by: Alan McNeilly [ ]
Originally published on:
Resicast have continued to increase their range of World War I artillery with a release last year of the 60 pdr Mk I Howitzer. The gun and limber are an excellent addition to their ever growing range of First World War subjects.
The kit comes packed in the standard Resicast format the parts being contained in individual zip plastic bags, 12 in this case. Cast in a light cream coloured resin, the kit was mastered by George Moore who will be known to many of you from his previous work.
Included with the kit is a 16 page A5 instruction booklet detailing the parts for the kit and instruction assembly is by a logical sequence of black and white photographs supplemented by texts where appropriate. All the parts are numbered and correspond to the build instructions as best I can tell without construction.
The kit can be constructed in the firing or towed position by adding the limber included in the kit. The quality and casting of the parts look excellent and the build is fairly straight forward. The kit contains over 75 resin parts and should make of an excellent display when constructed.
The Mk I gun could fire the early 60 lb shell 10,300 yards. Weighing 4.4 tons the 60-pounder required a team of 8/12 horses It could also be mechanically towed by the Holt Tractor and this is the type of fitting provided in the limber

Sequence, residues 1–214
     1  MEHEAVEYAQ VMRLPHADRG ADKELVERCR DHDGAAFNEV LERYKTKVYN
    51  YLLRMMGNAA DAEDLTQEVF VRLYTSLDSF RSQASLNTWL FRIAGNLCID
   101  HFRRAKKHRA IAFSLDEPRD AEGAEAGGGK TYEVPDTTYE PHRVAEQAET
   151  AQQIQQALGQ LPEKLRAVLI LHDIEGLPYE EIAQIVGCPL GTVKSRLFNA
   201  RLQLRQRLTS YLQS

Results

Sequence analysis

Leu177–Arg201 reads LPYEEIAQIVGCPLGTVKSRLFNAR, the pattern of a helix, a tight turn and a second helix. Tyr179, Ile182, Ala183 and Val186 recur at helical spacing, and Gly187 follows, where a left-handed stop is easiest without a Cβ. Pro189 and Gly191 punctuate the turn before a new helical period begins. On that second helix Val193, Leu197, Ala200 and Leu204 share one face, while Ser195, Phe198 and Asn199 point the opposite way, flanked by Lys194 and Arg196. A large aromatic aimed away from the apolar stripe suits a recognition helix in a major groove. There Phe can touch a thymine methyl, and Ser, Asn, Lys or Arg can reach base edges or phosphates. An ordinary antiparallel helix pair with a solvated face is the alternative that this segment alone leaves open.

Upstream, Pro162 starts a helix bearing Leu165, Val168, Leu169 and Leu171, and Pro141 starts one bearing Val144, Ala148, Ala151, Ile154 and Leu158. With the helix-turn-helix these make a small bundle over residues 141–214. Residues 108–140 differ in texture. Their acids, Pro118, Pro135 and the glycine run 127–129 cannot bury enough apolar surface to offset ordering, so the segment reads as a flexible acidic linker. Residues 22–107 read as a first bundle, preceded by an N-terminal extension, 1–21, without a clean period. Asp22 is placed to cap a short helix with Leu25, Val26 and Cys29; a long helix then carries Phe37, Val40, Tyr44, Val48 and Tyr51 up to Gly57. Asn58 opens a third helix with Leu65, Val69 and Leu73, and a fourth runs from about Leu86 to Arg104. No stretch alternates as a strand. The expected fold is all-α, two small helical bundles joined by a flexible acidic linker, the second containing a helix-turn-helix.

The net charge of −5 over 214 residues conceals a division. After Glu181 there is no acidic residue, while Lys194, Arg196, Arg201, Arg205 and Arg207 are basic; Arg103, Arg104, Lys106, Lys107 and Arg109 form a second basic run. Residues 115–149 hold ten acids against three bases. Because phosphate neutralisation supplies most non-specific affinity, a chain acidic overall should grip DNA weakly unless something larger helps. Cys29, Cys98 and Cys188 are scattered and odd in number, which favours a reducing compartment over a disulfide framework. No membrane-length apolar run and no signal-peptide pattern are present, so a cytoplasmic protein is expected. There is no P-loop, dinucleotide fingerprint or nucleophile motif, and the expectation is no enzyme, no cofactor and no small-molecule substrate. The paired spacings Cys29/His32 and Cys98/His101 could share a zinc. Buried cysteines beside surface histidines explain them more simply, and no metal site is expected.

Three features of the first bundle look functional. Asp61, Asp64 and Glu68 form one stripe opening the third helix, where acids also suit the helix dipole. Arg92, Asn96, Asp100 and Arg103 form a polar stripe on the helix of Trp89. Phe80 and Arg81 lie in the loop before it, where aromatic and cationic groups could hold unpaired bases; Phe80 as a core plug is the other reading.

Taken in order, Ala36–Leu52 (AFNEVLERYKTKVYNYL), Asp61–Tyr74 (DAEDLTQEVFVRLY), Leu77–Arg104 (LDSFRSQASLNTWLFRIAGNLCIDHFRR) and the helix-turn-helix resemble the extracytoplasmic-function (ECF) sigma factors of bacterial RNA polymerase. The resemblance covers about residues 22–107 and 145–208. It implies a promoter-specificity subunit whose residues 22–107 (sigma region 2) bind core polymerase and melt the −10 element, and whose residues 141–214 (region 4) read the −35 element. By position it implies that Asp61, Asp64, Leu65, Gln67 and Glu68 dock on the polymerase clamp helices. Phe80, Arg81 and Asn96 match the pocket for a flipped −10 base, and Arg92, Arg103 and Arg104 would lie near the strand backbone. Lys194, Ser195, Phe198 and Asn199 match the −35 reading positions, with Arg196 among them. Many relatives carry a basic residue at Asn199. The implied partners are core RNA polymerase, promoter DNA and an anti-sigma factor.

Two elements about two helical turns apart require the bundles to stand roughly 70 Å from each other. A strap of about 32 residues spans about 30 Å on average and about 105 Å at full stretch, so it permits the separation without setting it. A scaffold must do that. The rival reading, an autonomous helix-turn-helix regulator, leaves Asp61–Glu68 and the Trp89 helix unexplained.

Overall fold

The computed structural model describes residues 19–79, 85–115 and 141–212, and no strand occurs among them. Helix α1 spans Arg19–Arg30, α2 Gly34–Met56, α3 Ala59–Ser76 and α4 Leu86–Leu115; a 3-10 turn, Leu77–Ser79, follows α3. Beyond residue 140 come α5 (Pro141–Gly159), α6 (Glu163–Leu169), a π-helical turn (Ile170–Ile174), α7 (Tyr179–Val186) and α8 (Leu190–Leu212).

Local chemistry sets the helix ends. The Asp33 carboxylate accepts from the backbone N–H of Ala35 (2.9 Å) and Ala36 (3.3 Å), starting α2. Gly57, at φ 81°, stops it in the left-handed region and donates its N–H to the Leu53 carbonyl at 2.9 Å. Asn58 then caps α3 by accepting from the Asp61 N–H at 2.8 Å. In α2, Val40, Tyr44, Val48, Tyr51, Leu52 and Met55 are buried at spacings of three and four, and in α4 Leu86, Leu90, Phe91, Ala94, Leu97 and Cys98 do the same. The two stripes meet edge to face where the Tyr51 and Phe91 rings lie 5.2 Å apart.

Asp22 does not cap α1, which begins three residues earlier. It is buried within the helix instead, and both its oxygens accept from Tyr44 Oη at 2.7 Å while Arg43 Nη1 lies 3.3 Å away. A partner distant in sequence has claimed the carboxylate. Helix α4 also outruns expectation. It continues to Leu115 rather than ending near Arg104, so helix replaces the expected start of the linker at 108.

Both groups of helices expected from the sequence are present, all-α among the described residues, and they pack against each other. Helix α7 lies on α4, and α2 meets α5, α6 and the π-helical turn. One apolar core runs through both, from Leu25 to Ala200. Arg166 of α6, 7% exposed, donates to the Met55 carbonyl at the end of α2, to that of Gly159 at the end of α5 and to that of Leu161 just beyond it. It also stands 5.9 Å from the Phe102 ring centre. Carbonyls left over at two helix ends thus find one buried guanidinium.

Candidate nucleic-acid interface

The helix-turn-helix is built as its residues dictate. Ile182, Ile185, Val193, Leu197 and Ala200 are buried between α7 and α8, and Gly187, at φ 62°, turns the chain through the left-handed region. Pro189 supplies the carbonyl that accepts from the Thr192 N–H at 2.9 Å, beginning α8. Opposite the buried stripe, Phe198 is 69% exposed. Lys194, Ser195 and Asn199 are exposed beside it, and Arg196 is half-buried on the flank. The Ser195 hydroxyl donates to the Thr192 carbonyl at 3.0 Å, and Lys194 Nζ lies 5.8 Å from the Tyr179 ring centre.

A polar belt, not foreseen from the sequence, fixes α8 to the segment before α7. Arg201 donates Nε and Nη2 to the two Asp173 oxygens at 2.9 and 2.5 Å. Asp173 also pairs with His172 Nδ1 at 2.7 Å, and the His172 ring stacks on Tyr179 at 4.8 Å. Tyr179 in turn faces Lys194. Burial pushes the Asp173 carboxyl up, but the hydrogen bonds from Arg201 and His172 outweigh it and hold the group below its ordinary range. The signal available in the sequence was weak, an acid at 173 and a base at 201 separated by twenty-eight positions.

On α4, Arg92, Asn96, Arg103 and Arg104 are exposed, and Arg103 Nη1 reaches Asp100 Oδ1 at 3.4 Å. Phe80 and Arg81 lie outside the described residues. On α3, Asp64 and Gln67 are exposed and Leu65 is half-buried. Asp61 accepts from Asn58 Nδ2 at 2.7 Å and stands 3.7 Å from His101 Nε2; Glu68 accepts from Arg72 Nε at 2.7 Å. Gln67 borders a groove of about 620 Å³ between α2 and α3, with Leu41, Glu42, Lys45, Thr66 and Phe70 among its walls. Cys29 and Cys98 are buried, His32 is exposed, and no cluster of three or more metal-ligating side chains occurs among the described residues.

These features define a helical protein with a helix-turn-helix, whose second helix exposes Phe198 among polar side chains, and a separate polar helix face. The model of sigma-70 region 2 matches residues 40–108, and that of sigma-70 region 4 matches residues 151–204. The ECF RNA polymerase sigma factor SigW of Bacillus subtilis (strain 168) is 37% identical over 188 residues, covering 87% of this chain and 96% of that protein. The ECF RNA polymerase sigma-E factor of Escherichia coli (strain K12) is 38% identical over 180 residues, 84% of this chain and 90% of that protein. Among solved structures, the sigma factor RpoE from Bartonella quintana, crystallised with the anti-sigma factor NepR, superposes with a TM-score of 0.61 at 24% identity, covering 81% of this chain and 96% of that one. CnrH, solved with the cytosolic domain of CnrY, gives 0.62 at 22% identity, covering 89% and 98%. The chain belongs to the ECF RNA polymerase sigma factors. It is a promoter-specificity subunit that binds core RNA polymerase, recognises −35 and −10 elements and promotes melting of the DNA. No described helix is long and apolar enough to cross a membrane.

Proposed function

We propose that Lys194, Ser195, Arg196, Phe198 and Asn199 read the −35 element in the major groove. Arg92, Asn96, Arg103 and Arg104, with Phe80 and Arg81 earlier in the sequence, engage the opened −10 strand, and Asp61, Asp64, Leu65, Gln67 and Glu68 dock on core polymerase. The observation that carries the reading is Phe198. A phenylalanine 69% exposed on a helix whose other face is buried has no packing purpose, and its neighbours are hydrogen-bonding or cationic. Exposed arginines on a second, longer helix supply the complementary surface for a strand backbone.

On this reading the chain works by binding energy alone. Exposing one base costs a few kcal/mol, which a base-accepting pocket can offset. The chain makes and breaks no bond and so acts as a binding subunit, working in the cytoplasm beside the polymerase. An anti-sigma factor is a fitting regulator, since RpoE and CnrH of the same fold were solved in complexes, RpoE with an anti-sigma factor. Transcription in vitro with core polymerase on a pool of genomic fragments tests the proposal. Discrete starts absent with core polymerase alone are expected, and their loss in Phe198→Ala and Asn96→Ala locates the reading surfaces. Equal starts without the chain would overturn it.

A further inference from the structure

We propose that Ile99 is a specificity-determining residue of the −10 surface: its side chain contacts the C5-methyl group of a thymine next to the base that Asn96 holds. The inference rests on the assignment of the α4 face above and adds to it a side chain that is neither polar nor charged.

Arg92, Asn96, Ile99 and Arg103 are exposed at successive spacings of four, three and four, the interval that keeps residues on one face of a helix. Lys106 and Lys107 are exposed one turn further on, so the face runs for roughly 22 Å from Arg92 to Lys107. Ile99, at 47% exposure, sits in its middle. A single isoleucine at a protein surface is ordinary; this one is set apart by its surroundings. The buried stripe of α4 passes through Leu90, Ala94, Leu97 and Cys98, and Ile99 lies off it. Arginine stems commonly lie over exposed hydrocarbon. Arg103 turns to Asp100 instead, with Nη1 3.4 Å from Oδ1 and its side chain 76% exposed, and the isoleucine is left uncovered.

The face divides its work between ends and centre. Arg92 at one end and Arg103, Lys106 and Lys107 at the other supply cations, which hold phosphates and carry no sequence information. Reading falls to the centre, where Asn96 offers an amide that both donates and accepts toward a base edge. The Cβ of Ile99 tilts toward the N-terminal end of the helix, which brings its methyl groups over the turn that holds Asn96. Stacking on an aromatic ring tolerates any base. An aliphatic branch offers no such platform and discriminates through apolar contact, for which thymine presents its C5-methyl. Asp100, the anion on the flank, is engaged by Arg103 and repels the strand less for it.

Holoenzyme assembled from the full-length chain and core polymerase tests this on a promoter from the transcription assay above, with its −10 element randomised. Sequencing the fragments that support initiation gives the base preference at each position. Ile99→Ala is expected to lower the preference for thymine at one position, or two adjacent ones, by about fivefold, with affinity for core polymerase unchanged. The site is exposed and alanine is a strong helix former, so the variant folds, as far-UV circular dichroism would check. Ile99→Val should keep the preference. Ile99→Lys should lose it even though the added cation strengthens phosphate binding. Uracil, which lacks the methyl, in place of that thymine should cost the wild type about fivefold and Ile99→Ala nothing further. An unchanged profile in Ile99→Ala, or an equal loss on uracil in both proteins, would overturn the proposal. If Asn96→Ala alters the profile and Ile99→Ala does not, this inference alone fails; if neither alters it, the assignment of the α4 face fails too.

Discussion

As far as ammunition is concerned kit no 35.2371 Ammo for WW1 60 pdr gun can be purchased should you wish to model the gun in a firing position, or just need some WW1 shells for diorama building.
The gun saw extensive service in WW1, 74 batteries were stationed along the Western Front, 3 in Italy, 3 in Mesopotamia and 7 in Palestine. There were also 2 Canadian Batteries on active service on the Western Front.
This appears to be an excellent addition to the Resicast range of World War 1 Artillery and offers modellers even more choice in this genre. With the recently announced release of the 9.2inch Howitzer all we need now is for ICM or MB to produce some generic WW1 British artillery type crewmen, or perhaps Stalingrad or D Day Miniatures would oblige?